At least 23 killed in explosions targeting Iranian embassy in Beirut

Lebanese-based al-Qaida-linked group claims responsibility; Iranian cultural attache among the dead.

Site of blasts in southern Beirut 370 (photo credit: REUTERS)
Site of blasts in southern Beirut 370
(photo credit: REUTERS)
Two suicide bombings rocked Iran’s embassy compound in Beirut on Tuesday, killing at least 23 people and hurling bodies and burning wreckage across a debrisstrewn street.
An Iranian cultural attaché was among the dead.
The Abdullah Azzam Brigades, a Lebanon-based al- Qaida-linked group, claimed responsibility and threatened further attacks unless Iran withdrew its forces from Syria, where they have joined President Bashar Assad’s war against mostly Sunni rebels.
Security camera footage showed a man wearing an explosives belt rushing toward the outer wall of the embassy before blowing himself up, Lebanese officials said. A car bomb parked two buildings away from the compound caused the second, deadlier explosion, they added.
The Lebanese army, however, said both blasts had been suicide attacks.
In a Twitter post, Sheikh Sirajeddine Zuraiqat, the religious guide of the Abdullah Azzam Brigades, said his group had carried out the attack.
“It was a double martyrdom operation by two of the Sunni heroes of Lebanon,” he wrote.
Lebanon has suffered a series of sectarian clashes and bomb attacks, on both Sunni and Shi’ite targets, that have been linked to the Syrian conflict and that have already killed scores of people this year.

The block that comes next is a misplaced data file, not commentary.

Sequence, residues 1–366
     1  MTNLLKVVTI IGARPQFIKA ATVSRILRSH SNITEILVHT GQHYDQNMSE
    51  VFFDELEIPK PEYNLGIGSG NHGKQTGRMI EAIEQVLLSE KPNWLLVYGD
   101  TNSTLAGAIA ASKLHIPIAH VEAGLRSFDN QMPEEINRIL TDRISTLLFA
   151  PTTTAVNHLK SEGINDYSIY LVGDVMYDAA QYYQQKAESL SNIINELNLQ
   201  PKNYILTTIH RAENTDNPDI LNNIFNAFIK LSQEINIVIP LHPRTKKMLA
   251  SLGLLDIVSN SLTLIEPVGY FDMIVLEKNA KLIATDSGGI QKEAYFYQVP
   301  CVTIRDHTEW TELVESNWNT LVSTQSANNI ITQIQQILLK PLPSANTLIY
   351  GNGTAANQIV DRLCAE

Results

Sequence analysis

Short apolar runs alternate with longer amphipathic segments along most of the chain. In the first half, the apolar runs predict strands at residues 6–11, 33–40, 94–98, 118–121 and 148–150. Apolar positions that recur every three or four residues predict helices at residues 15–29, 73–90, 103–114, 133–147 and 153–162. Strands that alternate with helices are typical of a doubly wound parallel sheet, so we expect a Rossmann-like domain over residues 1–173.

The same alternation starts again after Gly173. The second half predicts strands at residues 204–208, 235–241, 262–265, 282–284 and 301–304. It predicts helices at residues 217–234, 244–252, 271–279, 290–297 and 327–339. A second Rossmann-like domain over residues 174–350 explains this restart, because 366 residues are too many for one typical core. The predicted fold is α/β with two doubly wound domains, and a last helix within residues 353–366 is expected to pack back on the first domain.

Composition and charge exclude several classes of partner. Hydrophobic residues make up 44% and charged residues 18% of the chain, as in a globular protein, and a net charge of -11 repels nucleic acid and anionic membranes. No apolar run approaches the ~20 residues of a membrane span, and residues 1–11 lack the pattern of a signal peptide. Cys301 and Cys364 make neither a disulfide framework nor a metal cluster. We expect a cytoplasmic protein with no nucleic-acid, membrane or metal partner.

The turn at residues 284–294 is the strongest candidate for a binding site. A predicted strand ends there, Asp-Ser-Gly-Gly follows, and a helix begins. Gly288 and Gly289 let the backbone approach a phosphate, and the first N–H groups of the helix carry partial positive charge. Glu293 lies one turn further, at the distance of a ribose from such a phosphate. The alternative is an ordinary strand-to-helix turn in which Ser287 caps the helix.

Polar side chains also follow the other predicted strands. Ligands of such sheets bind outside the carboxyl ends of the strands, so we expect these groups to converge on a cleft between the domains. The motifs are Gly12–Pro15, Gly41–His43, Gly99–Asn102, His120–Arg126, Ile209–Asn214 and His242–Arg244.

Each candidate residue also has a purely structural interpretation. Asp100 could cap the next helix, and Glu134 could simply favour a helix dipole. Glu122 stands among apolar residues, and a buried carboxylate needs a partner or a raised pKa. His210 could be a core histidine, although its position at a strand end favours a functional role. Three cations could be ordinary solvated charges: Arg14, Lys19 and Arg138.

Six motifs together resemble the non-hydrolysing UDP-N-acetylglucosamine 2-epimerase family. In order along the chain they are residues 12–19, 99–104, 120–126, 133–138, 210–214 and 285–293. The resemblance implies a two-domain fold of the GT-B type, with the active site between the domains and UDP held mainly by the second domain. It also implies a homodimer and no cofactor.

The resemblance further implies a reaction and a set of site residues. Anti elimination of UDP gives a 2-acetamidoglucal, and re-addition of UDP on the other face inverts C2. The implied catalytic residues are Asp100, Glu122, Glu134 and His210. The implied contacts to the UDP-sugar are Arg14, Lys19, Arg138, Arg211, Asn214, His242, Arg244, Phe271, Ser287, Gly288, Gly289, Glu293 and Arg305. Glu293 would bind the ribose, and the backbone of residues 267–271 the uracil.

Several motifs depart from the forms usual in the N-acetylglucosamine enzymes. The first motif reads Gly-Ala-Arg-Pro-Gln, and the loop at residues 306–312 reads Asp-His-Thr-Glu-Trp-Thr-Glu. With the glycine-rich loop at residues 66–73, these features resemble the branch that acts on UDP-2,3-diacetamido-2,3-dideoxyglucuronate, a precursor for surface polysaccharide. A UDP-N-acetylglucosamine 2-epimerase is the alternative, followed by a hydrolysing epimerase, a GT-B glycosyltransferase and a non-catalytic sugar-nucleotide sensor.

Tuesday’s bombing took place on the eve of more talks between world powers and Iran over Tehran’s nuclear program.
The bombs also struck as Assad’s forces extended their military gains in Syria before peace talks that the United Nations hopes to convene in mid-December and that Iran says it is ready to attend.
Shi’ite Iran actively supports Assad, and two of its Revolutionary Guard commanders have been killed in Syria this year. Along with fighters from the Lebanese Shi’ite movement Hezbollah, Iran has helped to turn the tide in Assad’s favor at the expense of rebels backed and armed by Sunni powers Saudi Arabia and Qatar.
A Reuters cameraman at the scene counted six bodies outside one entrance to the embassy compound. Body parts were strewn as far as two streets away, and several cars were badly damaged.
The embassy’s sturdy metal gate was twisted by the blasts, which Lebanese Health Minister Ali Hassan Khalil said had killed 23 people and wounded 146.
Iran’s IRNA news agency quoted an Iranian Foreign Ministry spokeswoman as saying the bombs were “an inhuman and vicious act perpetrated by Israel and its terror agents.”